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Radical Views
M C Raj
The Anti-Shit Bill of September 07, 2013 24 September, 2013
Shit, shit, shit! Oh shit everywhere! It has not hit the walls. It has splashed and splattered all over, on the face, on the hands and on the bodies of Dalits who are paid to clean others' shit with their bare hands.

When some of our leaders from the Movement went to the SP asking him to stop free caste labor in the festival of Maramma in Karnataka he asked: “What, do these practices of sacrificing buffaloes still exist?” That is the level of education of those city bred privileged class of India who get into positions of governance. They simply do not know what exists and what does not exist in India.


We hardly noticed the Anti-Shit Bill that was passed in the Lok Sabha only two weeks ago. According to the new Bill as presented in the report of The Hindu on 08 September 2013, those who employ people in Manual scavenging should be put in jail.

It is a non-bailable offence. I have read reports that quite a few municipalities in Gujarat officially employ Dalits for manual scavenging for a paltry sum of even Rs.150/- as monthly salary. Hold your nose. It might stink under your nose. Not the shit. But even the fact that they are paid as low as these by government agencies!

Why single out Gujarat. That is unjust boy. It is all over India except some ‘noble’ states. Indians, as you know are much cleverer than the proverbial ostrich. We not only bury our head under the earth in order not to see truths but we even change our textbooks in educational institutions in order to show the wrong side of India.

Showing the right side may stink the world to death. Raise the issue of untouchability, atrocity, Dalit rape, manual scavenging at any forum or with individuals in high positions, pat comes the reply: “Oh, it was there some centuries ago. Don’t come to me with all such bullshit. Speak of what exists now.”

And such people are the ones who have been vested with the power to change these age-old practices of slavery in India. Hide it. Do not look at it. Let it stink. Who cares? I close the doors and windows of my house so that the stink does not enter my house. Wah, India Wah!

But then the Bill for the abolition of manual scavenging was passed in the Indian Parliament not centuries ago. It was passed this month. An open acknowledgement that India still has much shit to clean! There may be still some hope left.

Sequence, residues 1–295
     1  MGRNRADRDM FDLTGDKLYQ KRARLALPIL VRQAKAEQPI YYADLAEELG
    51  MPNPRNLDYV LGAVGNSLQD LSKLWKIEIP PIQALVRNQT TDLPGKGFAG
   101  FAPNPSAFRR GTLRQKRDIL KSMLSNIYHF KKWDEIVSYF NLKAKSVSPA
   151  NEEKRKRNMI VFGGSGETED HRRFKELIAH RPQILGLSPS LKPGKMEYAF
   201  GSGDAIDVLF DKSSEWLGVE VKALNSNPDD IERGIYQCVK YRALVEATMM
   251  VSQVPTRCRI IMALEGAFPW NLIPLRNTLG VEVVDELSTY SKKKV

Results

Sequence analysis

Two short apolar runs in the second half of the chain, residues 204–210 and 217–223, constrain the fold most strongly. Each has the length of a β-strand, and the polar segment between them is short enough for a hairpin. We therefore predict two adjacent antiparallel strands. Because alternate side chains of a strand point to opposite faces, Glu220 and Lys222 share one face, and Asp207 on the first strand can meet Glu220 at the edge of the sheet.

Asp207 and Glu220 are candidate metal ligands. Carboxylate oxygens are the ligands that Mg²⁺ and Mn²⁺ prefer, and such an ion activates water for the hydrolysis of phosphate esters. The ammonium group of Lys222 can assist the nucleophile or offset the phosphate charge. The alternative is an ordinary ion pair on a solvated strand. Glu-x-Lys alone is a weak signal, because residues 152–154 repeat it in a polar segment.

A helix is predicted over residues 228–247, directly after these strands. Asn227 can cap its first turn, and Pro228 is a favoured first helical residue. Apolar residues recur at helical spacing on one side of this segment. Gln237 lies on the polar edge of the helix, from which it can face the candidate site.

But then just have a look at this typical reaction. It is reported today in the news. “Oh, everyday I receive at least 500 complaints of rape. Can I look into every complaint?” Allegedly such words have come from the Chief Minister of Delhi who happens to be a woman too.

What else should a Chief Minister do if she cannot stop rape in her state? asks a friend of mine on Facebook. This is the truth of India. Such callousness about everything that happens to others! As long as it does not happen to me and my children, it is their karma.

The million-dollar question then is this. Does the practice of scooping shit with bare hands by Dalits stop by passing a Bill in the Parliament? That is the beauty of Indian governance. We shall pass Bills, Acts and Laws. But nothing can work against the social practice of caste. That is quite a shit that India has to bear for generations to come.

The Constitution of India banned untouchability. But we are living with rampant practices of untouchability day in and day out. In 1989, it was found that atrocity on Dalits was perpetuated unabated. Bring another Act, the SC/ST Prevention of Atrocities Act of 1989. Has India stopped atrocity on Dalits even now? The more educated India becomes the more increase of such things we see.

With education it must be recognized that Dalits are also getting the trickle down of education. They gather a little bit of courage to fight. The stereotype reaction of the educated class is to increase the tempo of atrocity only ‘to teach Dalits a fitting lesson'. Don’t be aghast. I know the language. I lead a Dalit Movement that deals with this shit almost everyday.